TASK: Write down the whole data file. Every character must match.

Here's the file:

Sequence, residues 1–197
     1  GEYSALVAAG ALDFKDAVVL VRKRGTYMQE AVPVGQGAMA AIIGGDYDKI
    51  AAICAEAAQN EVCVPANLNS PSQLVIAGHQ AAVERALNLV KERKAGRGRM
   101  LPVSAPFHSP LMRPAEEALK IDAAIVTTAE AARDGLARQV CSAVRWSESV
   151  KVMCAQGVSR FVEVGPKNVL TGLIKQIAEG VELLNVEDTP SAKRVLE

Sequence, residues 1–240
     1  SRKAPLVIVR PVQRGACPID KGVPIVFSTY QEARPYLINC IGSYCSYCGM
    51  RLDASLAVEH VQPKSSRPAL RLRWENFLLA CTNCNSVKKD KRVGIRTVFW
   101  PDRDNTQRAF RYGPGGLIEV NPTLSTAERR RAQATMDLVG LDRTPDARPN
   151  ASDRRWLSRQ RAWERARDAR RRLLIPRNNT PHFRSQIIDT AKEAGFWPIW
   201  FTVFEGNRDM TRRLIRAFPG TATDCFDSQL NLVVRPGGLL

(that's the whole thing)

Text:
Sequence, residues 1–197
     1  GEYSALVAAG ALDFKDAVVL VRKRGTYMQE AVPVGQGAMA AIIGGDYDKI
    51  AAICAEAAQN EVCVPANLNS PSQLVIAGHQ AAVERALNLV KERKAGRGRM
   101  LPVSAPFHSP LMRPAEEALK IDAAIVTTAE AARDGLARQV CSAVRWSESV
   151  KVMCAQGVSR FVEVGPKNVL TGLIKQIAEG VELLNVEDTP SAKRVLE

Sequence, residues 1–240
     1  SRKAPLVIVR PVQRGACPID KGVPIVFSTY QEARPYLINC IGSYCSYCGM
    51  RLDASLAVEH VQPKSSRPAL RLRWENFLLA CTNCNSVKKD KRVGIRTVFW
   101  PDRDNTQRAF RYGPGGLIEV NPTLSTAERR RAQATMDLVG LDRTPDARPN
   151  ASDRRWLSRQ RAWERARDAR RRLLIPRNNT PHFRSQIIDT AKEAGFWPIW
   201  FTVFEGNRDM TRRLIRAFPG TATDCFDSQL NLVVRPGGLL